Kieran Gilbert: So which countries are we talking about?

Dan Tehan: So, that will go out to all our overseas posts but, you know, obviously, the focus is making sure that it will work with Pacific Islands, Singapore, Japan, South Korea, the UK, the US. So, that QR code that will be linked to your passport which proves your vaccination certification, we're beginning to trial that internationally as of this week.

Kieran Gilbert: So it's a QR code?

Dan Tehan: That's it.

Kieran Gilbert: So, like as we do if we go to the café or whatever, and it shows you've had two jabs of Pfizer or –

Dan Tehan: Absolutely. Absolutely. So when that international border opens we want to make sure we're ready for people to be able to travel again and, you know, it's incredibly important that we're doing that preparatory work, and that's what we're doing now.

Kieran Gilbert: But the message is you can't travel unless you get the jabs?

Dan Tehan: Well, it's going to be very difficult to travel without it given that the airlines – most of the airlines – are saying that you'll need proof of vaccination. Most countries are saying that there will be some sort of proof of vaccination certification. Now, over time, that might change, but we want to make sure that we're ready to be able to do it.

And can I say to all your listeners, Kieran, make sure you dust off your passport. Because one of the things they found in the US and the UK as they moved to reopen people's passports had expired, and they had huge queues to get passports reissued. So, in the lead-up to us hitting that 80 per cent mark, look at your passport, dust it off and make sure if you need it reissued get in early.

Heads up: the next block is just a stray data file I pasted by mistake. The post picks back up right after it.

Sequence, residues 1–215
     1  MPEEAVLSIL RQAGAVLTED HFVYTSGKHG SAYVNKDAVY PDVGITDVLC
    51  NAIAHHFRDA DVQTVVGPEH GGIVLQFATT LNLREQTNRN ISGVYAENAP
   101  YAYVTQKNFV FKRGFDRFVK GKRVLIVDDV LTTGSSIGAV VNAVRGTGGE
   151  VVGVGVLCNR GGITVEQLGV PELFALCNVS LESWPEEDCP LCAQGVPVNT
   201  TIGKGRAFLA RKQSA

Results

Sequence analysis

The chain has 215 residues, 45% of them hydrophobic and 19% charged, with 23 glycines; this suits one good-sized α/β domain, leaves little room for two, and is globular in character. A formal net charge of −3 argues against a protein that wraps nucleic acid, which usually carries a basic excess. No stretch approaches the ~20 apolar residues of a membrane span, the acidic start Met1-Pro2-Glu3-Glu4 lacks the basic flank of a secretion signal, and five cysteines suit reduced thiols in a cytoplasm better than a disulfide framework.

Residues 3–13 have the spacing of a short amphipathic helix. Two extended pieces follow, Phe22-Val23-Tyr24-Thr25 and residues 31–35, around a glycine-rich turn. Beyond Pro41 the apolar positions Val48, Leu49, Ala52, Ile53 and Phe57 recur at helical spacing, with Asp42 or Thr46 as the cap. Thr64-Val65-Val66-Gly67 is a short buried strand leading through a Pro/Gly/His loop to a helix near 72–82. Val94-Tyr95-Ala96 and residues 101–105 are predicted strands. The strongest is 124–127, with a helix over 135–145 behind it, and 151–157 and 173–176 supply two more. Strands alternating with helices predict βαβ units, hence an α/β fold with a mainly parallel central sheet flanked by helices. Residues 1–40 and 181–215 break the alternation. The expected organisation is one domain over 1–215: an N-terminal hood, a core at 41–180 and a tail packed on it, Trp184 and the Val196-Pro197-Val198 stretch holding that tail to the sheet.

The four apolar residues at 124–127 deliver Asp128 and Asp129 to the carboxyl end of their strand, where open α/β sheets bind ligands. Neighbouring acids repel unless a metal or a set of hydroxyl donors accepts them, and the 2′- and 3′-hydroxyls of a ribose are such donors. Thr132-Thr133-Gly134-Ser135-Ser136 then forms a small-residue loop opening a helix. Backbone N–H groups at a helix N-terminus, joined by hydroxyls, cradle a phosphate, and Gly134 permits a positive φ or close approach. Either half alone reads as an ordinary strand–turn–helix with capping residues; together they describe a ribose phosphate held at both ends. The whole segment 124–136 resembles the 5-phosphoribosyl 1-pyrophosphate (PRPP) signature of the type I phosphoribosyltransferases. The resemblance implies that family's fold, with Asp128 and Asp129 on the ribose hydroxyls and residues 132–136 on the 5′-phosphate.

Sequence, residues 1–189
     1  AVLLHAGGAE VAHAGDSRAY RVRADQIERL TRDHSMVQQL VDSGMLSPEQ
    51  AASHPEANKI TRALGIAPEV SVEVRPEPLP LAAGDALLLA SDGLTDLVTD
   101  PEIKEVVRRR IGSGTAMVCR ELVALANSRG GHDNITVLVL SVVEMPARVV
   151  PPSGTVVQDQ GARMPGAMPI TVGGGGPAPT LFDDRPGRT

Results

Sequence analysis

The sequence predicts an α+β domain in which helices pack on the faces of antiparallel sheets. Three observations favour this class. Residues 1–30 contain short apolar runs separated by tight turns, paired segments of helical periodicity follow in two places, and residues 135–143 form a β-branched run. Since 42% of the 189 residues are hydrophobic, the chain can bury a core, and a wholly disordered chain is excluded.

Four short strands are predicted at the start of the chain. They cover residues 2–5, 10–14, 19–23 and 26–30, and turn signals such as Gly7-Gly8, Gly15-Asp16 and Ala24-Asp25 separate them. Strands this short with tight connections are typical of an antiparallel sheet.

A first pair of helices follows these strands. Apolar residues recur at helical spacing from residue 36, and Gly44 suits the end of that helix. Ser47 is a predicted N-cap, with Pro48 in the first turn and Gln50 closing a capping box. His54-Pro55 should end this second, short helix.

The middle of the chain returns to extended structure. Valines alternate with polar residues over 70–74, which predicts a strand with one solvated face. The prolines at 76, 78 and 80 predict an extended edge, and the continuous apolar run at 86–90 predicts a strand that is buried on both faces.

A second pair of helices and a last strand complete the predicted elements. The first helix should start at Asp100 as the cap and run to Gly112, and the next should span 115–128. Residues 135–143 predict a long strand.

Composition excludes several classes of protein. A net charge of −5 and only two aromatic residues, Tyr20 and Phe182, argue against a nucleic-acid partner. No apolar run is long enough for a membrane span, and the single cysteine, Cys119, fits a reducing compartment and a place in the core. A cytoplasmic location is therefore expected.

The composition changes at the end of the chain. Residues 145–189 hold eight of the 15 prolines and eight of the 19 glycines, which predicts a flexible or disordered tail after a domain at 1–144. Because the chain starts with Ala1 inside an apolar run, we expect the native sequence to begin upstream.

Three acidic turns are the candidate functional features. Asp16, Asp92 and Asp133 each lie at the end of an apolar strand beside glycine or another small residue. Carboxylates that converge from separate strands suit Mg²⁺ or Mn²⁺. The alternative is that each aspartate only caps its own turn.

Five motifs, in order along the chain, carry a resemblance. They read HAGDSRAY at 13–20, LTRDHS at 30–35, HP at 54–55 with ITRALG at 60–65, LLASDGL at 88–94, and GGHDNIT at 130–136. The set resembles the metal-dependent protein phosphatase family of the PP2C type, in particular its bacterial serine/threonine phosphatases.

Kieran Gilbert: And the TGA, our Therapeutic Goods Administration, they would have had to approve the vaccines that someone has had to either fly out or fly in, is that right? Because the question is what do you do with the Russian vaccine or the Chinese vaccine?

Dan Tehan: Well, for those coming to Australia, obviously, the TGA will need to have had to approve the vaccine. What we're in discussions with other countries as to what systems they have in place to approve vaccines. Obviously, they have their own equivalents of the TGA. But for us the TGA will determine the vaccines that we've approved for people to use their certification to come into Australia.

Kieran Gilbert: Would you like to see the TGA have a look at the Chinese vaccine, for example? Apparently it has been pretty effective. I mean, we're not seeing massive outbreaks there and it is a big tourism market?

Dan Tehan: So they'll consider all vaccines, so whether it's –

Kieran Gilbert: They will?

Dan Tehan: They will. They will consider all vaccines and then they will advise the Government according to the assessment and the work on the efficacy of those vaccines and then we'll act accordingly.